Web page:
“Begin with the end in mind,” said Kevin Baxter, superintendent of the Archdiocese of Los Angeles Elementary Schools in California, who has led a massive ed-tech initiative called the Catholic Communication Collaboration (C3) Pilot.

By that, he meant that K-12 leaders should focus on the learning goals they want to achieve, and develop their ed-tech vision around these.

“We’ve got to be willing to challenge our own assumptions about … how students learn,” Baxter added. “Often, what ends up inhibiting innovation is the thought that, ‘Well, that’s how it worked for me—that’s how it has to work for kids today.’”

Building capacity

Once you have a clear vision, you need to build your district’s capacity to achieve it. This requires bringing all stakeholders into the process.

“Support and buy-in are key,” said Theresa Dunkin, superintendent of the Aptakisic-Tripp Community Consolidated School District 102 in Illinois.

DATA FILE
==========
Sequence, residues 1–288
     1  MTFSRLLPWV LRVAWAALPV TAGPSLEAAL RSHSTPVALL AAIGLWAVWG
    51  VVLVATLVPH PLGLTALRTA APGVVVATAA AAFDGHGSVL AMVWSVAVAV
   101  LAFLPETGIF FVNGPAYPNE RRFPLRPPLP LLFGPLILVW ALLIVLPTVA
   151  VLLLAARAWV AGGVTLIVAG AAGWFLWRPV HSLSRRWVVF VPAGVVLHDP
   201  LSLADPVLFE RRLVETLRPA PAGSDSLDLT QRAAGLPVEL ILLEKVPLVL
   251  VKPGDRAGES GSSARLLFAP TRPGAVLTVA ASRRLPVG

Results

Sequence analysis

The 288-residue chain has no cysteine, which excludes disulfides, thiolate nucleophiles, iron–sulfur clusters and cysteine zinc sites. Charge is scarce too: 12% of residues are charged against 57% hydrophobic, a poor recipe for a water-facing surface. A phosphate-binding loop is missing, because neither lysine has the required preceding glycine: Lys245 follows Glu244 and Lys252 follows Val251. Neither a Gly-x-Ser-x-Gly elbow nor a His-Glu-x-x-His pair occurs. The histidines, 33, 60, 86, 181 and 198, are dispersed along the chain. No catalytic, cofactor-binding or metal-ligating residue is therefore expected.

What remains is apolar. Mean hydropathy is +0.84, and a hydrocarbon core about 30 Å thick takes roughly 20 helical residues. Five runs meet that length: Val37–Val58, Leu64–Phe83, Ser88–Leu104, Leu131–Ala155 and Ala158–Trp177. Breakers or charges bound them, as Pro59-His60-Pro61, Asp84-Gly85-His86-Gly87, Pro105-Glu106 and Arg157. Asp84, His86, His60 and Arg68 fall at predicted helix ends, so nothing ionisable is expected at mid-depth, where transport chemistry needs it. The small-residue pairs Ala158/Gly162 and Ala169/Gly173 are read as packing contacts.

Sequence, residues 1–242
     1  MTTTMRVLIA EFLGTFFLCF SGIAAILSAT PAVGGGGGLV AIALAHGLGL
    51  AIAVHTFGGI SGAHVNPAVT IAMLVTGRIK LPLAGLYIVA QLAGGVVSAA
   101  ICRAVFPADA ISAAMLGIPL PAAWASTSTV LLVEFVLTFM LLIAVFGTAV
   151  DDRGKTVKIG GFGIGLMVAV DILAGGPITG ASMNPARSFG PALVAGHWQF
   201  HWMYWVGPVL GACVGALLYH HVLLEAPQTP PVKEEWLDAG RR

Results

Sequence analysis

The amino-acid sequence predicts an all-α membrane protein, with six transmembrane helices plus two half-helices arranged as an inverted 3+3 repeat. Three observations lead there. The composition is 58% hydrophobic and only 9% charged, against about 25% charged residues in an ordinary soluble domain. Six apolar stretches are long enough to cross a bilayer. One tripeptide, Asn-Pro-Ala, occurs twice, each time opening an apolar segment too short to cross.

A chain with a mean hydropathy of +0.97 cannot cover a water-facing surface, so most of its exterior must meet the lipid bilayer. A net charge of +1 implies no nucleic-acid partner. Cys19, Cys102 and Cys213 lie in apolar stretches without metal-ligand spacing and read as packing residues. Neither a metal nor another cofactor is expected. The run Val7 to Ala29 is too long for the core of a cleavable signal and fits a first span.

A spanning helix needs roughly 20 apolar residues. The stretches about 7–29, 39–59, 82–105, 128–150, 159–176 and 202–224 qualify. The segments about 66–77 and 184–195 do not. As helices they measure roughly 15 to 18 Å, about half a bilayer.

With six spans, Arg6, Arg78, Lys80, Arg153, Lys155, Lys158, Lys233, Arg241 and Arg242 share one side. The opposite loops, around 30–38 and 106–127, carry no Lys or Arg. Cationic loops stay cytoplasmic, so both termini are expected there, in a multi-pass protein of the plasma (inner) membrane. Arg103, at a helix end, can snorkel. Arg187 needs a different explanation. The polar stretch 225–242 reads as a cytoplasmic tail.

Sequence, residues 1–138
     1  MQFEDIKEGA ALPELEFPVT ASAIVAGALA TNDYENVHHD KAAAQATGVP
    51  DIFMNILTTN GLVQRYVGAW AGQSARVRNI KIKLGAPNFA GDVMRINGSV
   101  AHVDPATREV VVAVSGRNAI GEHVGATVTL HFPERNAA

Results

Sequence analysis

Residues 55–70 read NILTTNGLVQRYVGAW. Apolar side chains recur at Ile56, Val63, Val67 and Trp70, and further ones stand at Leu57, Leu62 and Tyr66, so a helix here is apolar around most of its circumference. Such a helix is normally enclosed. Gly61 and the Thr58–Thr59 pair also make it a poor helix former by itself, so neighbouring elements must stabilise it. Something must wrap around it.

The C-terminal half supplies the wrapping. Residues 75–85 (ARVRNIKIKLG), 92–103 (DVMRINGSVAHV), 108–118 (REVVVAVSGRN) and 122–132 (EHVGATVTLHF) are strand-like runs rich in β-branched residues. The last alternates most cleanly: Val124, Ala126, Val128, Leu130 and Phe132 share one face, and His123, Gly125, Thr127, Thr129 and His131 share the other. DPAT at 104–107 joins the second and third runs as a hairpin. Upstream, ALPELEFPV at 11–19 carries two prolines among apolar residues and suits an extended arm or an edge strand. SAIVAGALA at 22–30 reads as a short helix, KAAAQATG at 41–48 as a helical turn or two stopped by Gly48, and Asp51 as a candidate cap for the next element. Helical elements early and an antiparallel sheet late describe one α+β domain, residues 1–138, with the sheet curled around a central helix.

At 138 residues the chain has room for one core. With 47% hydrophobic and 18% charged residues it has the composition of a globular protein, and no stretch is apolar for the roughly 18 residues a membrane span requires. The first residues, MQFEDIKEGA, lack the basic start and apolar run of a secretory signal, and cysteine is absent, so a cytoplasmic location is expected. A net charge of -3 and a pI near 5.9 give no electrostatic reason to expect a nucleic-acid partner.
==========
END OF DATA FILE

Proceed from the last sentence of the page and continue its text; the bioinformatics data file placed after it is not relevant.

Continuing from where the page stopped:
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Her district invited members of the community to a series of meetings that created a consensus around the need to integrate the “4Cs” into instruction: communication, collaboration, critical thinking, and creativity.

Lisa Andrejko, superintendent of the Quakertown Community School District in Pennsylvania, earned the support of teachers for the district’s online and blended learning programs by making them “a collaborative part” of these initiatives. As a result, her district has seen a 10-percent reduction of its dropout rate in just one year.

But building capacity goes beyond getting stakeholder buy-in.

“As we integrate technology, we need to have the infrastructure in order to support it,” said David Peterson, superintendent of the Scottsdale Unified School District in Arizona. He said adequate bandwidth and wireless coverage are “essential” to ed-tech success.

Casey Wardynski, superintendent of Alabama’s Huntsville City Schools, agreed.

Under Wardynski’s leadership, Huntsville City Schools launched a collaborative, district-wide effort to move toward digital instruction. Textbooks were exchanged for interactive, digital curriculum on laptops and iPads, schools were connected with robust internet networks, and Wi-Fi was installed in school buses and expanded in public areas throughout the city.